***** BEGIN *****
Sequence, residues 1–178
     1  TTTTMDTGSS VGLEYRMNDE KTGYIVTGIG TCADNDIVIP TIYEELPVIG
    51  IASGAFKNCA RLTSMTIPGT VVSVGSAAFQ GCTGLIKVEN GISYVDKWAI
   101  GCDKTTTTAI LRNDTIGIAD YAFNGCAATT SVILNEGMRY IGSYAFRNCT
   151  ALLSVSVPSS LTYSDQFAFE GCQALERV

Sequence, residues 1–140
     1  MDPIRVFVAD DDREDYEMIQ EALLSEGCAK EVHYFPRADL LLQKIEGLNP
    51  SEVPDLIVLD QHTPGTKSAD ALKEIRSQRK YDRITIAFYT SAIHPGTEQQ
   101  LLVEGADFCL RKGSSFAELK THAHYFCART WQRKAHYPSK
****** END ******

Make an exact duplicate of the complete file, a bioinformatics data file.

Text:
Sequence, residues 1–178
     1  TTTTMDTGSS VGLEYRMNDE KTGYIVTGIG TCADNDIVIP TIYEELPVIG
    51  IASGAFKNCA RLTSMTIPGT VVSVGSAAFQ GCTGLIKVEN GISYVDKWAI
   101  GCDKTTTTAI LRNDTIGIAD YAFNGCAATT SVILNEGMRY IGSYAFRNCT
   151  ALLSVSVPSS LTYSDQFAFE GCQALERV

Sequence, residues 1–140
     1  MDPIRVFVAD DDREDYEMIQ EALLSEGCAK EVHYFPRADL LLQKIEGLNP
    51  SEVPDLIVLD QHTPGTKSAD ALKEIRSQRK YDRITIAFYT SAIHPGTEQQ
   101  LLVEGADFCL RKGSSFAELK THAHYFCART WQRKAHYPSK